Hello and welcome to my post where I pick apart other bloggers because I’m a perfect blogger myself!
Kidding. I am a FAR from perfect blogger and I am not here today to nitpick at other bloggers and tell you why I’m better than they are. Because I’m not better than they are. What I actually want to do is to share a few things I’ve learned from being a blogger but mostly from being a blog reader – which, if you’re reading this, then you are one too!
I used to read blogs – style blogs, mostly – and just think that these fashion bloggers had it all. I didn’t know anything about how they made money – I thought they just did it for fun (and maybe happened to be married to someone rich). And I thought that they knew it all. I mean, if someone has thousands of followers, that must mean they know what they’re talking about. Right?
Well…. mostly. The thing is, we bloggers do not always know it all or even know what we’re talking about – but what we do know is that we have an audience who’s watching and will read whatever content we chug out. And today I’m speaking to you, the audience, and telling you to take the things you read and see on blogs with a grain of salt, because bloggers don’t know everything. Here are a few examples:
- Like it or not, most major blog content is sponsored.
Bloggers have to make money too, you know? If you’re following a blogger with tens of thousands of followers, then it’s very likely that the majority of her posts will be sponsored. This is because a) she has so many followers and therefore has tons of opportunities to works with brands and/or b) she has so many followers and therefore quit her full-time job to make blogging her new full-time job. Sponsored content does not mean that it’s a dishonest post or that you shouldn’t even bother to read it – what it does mean is that you should understand that the blogger’s “unbiased opinion” might actually be a teeny bit biased because of what she’s pocketing for writing this post. So keep that in mind, but also know that most bloggers only write sponsored posts for brands they actually wear and love. This is good news for us readers because it means that the majority of sponsored posts will still be genuine.
2. Style blogger does not necessarily equal stylish blogger
Ay yi yi. I really can’t believe I’m writing this. I mean, it’s great and all that anyone and everyone can become a style blogger if they want to, but that doesn’t mean anyone and everyone should become a style blogger. Style is essentially timeless elegance – but too many style bloggers take it to mean that style is whatever outfit combo they came up with and posted about that day. And if their Instagram outfit post gets tons and tons of likes? Well yay! Then they must be stylish.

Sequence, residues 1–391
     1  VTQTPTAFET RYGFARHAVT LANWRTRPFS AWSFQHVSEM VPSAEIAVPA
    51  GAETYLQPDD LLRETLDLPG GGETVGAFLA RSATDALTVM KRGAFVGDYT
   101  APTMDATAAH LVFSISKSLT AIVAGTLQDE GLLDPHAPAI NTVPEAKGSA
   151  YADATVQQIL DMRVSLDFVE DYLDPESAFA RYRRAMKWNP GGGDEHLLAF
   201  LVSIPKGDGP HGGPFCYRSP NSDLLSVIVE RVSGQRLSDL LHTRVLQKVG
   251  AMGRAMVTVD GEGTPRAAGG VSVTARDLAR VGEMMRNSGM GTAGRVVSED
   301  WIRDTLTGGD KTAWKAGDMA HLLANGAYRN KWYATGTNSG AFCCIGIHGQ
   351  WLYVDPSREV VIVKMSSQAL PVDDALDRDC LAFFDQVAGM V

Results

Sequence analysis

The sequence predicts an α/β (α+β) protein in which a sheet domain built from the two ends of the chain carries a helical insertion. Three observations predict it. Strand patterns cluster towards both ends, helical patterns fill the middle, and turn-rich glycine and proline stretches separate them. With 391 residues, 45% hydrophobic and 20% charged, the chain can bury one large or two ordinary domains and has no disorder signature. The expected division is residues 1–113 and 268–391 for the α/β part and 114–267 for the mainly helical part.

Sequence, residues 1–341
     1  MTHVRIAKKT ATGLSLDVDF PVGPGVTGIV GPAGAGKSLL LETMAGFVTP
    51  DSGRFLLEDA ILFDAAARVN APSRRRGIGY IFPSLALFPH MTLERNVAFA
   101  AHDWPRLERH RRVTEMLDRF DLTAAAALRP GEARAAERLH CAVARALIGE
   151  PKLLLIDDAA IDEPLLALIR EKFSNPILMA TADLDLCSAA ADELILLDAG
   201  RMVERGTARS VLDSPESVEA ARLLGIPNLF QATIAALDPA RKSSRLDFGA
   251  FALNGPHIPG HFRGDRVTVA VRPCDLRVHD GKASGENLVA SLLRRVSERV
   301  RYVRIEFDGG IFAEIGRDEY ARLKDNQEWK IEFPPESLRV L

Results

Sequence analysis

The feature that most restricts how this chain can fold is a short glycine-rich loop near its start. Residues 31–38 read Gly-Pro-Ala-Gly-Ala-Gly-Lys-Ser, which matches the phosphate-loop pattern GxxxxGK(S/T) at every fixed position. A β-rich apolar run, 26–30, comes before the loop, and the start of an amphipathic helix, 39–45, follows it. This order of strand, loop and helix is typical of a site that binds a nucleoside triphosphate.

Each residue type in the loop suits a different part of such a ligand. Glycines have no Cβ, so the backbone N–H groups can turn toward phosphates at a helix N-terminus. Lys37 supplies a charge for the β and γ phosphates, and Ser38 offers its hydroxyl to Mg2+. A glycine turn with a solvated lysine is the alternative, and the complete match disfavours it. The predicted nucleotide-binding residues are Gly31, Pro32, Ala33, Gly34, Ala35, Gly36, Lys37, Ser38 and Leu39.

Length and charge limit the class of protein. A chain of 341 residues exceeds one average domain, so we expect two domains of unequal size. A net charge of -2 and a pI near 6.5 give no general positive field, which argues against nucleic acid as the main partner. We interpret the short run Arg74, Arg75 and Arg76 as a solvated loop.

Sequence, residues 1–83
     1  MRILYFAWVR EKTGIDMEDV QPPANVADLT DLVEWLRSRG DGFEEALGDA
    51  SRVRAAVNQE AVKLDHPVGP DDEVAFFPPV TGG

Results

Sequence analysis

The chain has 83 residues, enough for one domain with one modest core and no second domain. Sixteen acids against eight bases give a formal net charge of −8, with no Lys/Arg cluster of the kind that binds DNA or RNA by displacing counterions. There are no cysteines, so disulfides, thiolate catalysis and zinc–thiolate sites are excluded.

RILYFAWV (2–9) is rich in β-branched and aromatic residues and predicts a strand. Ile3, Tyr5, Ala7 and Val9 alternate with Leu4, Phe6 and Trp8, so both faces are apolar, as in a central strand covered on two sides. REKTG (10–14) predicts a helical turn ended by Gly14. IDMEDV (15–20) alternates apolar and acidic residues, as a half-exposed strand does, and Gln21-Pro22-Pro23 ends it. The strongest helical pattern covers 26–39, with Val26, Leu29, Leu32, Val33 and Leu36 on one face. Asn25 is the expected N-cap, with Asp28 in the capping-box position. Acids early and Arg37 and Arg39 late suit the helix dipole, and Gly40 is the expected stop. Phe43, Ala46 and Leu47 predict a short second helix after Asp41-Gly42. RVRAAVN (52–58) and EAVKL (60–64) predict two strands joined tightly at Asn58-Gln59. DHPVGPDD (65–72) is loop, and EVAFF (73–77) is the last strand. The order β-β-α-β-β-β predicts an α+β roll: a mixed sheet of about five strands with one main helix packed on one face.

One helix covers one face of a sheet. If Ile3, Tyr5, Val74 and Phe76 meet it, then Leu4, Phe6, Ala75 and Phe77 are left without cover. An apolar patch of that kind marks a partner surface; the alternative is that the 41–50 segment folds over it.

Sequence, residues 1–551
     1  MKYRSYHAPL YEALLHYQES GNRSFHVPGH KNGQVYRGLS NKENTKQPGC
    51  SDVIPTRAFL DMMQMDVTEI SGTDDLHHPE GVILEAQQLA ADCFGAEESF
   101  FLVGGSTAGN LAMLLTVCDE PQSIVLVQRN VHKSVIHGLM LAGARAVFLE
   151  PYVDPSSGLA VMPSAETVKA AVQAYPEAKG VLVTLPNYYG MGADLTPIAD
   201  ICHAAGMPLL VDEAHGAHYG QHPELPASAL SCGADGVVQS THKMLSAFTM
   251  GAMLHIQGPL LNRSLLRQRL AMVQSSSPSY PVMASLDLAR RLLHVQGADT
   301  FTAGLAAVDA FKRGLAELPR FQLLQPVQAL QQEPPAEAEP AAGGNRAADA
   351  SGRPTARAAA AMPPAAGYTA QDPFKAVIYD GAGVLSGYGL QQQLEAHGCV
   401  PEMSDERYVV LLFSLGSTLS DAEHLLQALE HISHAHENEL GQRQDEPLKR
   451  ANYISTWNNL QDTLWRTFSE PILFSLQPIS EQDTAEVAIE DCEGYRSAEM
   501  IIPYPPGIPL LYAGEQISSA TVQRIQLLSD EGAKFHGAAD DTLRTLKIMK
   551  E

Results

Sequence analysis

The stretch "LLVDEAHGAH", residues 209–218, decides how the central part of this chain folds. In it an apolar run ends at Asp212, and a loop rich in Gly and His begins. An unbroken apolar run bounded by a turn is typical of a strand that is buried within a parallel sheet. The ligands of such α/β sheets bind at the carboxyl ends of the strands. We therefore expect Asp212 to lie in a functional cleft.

Let me give you an example of a style blogger I follow. I’m not going to share her photo, just her caption from a date night look she posted about last week: “Took this little spaghetti dress for a spin and tossed on a sweater, leather jacket and sneaks to dress it down.” The “little spaghetti dress” to which she is referring is a gorgeous red lace fitted dress that hit her at mid-calf. And she piled a sweater and a leather jacket over it (didn’t mention a belt but there was a belt on there too), and paired it with vans. VANS. Yikes.
Do the style bloggers that you follow share lots of “new” and “exciting” outfit combos? Then they probably aren’t truly stylish, believe it or not.
3. Bloggers don’t always pick their topics well
Recently I read a post by a style blogger that I follow who also happens to be a mom and frequently blogs on the topic of motherhood. Her post was entitled “How to Get your Body Back Post-Baby.” Sounds good, so far, right? I went to read the post and at the very beginning she says this: “Okay, don’t hate me, but I didn’t gain that much weight with [child’s name]. Only 16 lbs, most of which was gone shortly after his birth. Maybe that makes me less qualified to write on this topic?” Um YES. It does. Then why write it?
Time and again I’ve seen bloggers write about topics that they really aren’t qualified to write about or that just aren’t relevant to their audience – I know I myself am guilty of this (like the time several years ago that I tried to lead a fitness challenge but it failed so miserably that I didn’t even finish it. Whoops). I hope your main takeaway from this aligns with my earlier point of bloggers not knowing everything – if a blogger you’re following posts about something outside of what they usually post about, or writes a post and admits that they probably shouldn’t be writing it – then don’t read it! There are lots of better things to read out there.
This might have all sounded a bit rambling, but I hope it was informative, at the very least! I love both reading and writing blogs, and I’ve found that being informed helps me to better enjoy both of those things.